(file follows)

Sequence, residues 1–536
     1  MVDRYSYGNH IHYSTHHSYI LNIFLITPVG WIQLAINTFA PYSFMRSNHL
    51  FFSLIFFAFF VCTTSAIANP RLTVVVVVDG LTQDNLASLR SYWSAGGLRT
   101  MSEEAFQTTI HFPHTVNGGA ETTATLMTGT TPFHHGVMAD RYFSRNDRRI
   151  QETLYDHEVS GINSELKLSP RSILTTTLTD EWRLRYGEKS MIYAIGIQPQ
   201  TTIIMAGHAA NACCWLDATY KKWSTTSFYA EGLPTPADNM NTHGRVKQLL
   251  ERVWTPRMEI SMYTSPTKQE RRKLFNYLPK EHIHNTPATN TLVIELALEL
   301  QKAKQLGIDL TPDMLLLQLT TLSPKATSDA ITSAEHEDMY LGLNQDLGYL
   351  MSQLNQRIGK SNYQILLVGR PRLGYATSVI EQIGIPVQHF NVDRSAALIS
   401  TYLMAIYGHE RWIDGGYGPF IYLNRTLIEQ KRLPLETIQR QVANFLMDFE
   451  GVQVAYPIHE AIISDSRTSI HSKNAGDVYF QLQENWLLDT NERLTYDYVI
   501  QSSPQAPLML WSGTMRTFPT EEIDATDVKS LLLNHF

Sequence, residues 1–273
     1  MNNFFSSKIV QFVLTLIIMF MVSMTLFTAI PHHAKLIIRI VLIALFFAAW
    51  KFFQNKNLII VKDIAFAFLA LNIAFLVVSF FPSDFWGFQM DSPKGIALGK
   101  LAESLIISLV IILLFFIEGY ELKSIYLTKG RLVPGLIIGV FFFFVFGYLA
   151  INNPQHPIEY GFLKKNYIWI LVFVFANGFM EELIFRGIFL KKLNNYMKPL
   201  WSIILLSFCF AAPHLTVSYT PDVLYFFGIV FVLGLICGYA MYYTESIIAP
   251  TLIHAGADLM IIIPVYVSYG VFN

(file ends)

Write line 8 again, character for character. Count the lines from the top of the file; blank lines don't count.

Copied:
   301  QKAKQLGIDL TPDMLLLQLT TLSPKATSDA ITSAEHEDMY LGLNQDLGYL